Taiwan Semiconductor Manufacturing Co is sticking with plans for aggressive capital investments in 2020, a sign from the technology bellwether of resilient demand despite a pandemic-induced downturn.
TSMC, a barometer for the tech industry thanks to its heft in the global supply chain, on Thursday lowered its revenue outlook for the year by a few percentage points to reflect the new Covid-19 reality. But it still expects robust demand for the semiconductors in datacenters that are now hosting an unprecedented surge in online activity. On Thursday, executives adhered to their goal of ear-marking $15 billion to $16 billion for capital spending in 2020, up from last year’s $14.9 billion. And they forecast revenue growth of about 30% this quarter.
In the longer term, the chipmaker to Apple Inc. and Huawei Technologies Co. will still have to contend with uncertainty as Covid-19 spreads across the globe. Taiwan’s largest company however is relatively more resistant to a downturn thanks to a commanding position in the production of high-end chips needed for everything from datacenters and gaming to video streaming. It also makes semiconductors for laptops, phones and other devices that people are buying for home offices.
The world’s largest contract chipmaker said on Thursday it expects revenue of between $10.1 billion and $10.4 billion from April to June. That forecast followed a near-doubling of net income to NT$116.99 billion ($3.9 billion) for the three months ended March, when demand for advanced silicon remained steady during the pandemic. That helped offset a 9% quarter-on-quarter slide in revenue from smartphones. Executives hedged their outlook for revenue this year on Thursday, saying it will rise by a mid- to high-teens percentage from a previous forecast for growth of more than 17%.
“We don’t see any significant reduction in our customer demand. But we do expect the end-demand will have some impact in the second half of this year,” Chief Executive Officer C.C. Wei told analysts on a conference call.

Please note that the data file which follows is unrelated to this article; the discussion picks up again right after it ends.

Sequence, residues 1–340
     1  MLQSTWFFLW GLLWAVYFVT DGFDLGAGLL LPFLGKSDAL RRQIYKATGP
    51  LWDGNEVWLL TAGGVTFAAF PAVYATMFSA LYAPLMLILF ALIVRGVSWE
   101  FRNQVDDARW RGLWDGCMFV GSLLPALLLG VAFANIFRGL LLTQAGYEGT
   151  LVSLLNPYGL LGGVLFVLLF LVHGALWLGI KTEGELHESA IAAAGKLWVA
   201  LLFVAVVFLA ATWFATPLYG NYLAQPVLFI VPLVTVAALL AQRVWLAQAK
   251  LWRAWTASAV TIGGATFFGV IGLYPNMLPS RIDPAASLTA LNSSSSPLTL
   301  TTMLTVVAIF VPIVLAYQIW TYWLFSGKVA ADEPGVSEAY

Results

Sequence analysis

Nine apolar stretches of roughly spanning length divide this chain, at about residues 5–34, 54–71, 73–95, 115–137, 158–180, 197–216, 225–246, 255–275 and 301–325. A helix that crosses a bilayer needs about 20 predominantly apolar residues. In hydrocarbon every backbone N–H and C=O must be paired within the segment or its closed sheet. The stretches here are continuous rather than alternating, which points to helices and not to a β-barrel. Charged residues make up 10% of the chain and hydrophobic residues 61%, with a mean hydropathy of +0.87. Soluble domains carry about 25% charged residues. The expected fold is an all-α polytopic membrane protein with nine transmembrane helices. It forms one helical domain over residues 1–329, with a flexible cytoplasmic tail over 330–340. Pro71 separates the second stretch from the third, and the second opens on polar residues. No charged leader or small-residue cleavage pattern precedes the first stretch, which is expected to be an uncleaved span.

TSMC’s revenue rose 42% in the first quarter to NT$310.6 billion, based on previously reported monthly numbers. That’s despite top customer Apple withdrawing its revenue outlook for the current quarter because of work slowdowns and lower demand in China, its biggest international market. But official data showed iPhone shipments in China jumped 19% in March, suggesting demand was bouncing back in the world’s top smartphone arena, at least compared with the previous-generation iPhone.
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Beyond a potential economic downturn, TSMC may also have to contend with fallout from the U.S.-China trade war.
Washington is said to be considering curbs on TSMC’s sales to Huawei, which relies on the chipmaker to produce its most advanced silicon. China’s biggest tech company, which the U.S. accuses of aiding Beijing in espionage, accounts for about 10% of the Taiwanese chipmaker’s revenue. TSMC Chairman Mark Liu has downplayed the risk to its business, saying growth will still come from a global 5G roll-out.
”We do sense there is an urgency from the industry that having the rule changed will hurt the U.S. semiconductor community. And we share the same opinion,” Wei said.
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